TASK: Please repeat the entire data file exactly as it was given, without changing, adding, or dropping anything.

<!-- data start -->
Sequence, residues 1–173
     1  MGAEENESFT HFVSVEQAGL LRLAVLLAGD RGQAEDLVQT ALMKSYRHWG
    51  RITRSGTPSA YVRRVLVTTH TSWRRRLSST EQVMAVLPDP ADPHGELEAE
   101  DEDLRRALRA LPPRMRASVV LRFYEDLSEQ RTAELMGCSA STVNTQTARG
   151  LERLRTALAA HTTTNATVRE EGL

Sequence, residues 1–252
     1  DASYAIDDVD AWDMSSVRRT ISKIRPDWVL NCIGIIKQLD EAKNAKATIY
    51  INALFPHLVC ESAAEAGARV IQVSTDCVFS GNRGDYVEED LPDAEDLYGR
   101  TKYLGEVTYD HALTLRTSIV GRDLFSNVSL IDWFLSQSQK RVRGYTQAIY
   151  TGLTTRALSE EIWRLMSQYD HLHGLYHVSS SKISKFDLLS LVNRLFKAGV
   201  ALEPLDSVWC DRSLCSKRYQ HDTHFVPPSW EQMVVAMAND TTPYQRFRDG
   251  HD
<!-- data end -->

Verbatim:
Sequence, residues 1–173
     1  MGAEENESFT HFVSVEQAGL LRLAVLLAGD RGQAEDLVQT ALMKSYRHWG
    51  RITRSGTPSA YVRRVLVTTH TSWRRRLSST EQVMAVLPDP ADPHGELEAE
   101  DEDLRRALRA LPPRMRASVV LRFYEDLSEQ RTAELMGCSA STVNTQTARG
   151  LERLRTALAA HTTTNATVRE EGL

Sequence, residues 1–252
     1  DASYAIDDVD AWDMSSVRRT ISKIRPDWVL NCIGIIKQLD EAKNAKATIY
    51  INALFPHLVC ESAAEAGARV IQVSTDCVFS GNRGDYVEED LPDAEDLYGR
   101  TKYLGEVTYD HALTLRTSIV GRDLFSNVSL IDWFLSQSQK RVRGYTQAIY
   151  TGLTTRALSE EIWRLMSQYD HLHGLYHVSS SKISKFDLLS LVNRLFKAGV
   201  ALEPLDSVWC DRSLCSKRYQ HDTHFVPPSW EQMVVAMAND TTPYQRFRDG
   251  HD